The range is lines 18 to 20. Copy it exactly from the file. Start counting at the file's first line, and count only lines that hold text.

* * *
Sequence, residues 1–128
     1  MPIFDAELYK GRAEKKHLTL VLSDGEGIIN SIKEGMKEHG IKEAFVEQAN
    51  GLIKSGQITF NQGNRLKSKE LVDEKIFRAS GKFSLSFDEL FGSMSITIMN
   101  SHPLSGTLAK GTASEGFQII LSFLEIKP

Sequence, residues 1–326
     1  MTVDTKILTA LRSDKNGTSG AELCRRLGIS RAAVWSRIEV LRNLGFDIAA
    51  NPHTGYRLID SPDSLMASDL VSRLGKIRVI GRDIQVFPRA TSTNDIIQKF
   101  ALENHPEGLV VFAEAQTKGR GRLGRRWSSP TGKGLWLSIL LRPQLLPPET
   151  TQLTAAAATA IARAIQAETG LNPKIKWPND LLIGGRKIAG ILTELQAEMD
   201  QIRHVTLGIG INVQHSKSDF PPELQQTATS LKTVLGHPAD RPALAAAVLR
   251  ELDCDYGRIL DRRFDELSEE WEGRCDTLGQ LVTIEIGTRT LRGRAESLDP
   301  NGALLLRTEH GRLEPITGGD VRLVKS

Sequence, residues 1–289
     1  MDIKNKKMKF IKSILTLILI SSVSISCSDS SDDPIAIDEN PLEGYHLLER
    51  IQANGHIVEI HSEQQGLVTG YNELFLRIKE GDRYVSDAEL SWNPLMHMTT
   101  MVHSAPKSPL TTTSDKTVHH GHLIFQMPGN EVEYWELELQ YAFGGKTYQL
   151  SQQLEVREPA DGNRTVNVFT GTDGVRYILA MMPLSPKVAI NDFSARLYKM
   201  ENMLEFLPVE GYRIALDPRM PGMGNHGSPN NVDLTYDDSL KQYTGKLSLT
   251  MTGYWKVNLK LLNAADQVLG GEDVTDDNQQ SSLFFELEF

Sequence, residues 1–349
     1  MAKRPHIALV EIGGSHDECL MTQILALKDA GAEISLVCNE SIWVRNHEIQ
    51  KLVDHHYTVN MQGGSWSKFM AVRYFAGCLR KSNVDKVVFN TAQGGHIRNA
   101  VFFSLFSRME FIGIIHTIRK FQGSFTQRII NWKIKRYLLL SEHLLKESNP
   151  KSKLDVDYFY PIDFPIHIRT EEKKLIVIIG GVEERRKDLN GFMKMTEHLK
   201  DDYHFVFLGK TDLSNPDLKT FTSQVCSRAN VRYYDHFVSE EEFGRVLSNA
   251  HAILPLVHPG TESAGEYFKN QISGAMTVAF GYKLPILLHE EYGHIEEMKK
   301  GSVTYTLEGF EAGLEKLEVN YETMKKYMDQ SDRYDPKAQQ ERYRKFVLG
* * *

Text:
   201  ENMLEFLPVE GYRIALDPRM PGMGNHGSPN NVDLTYDDSL KQYTGKLSLT
   251  MTGYWKVNLK LLNAADQVLG GEDVTDDNQQ SSLFFELEF

Sequence, residues 1–349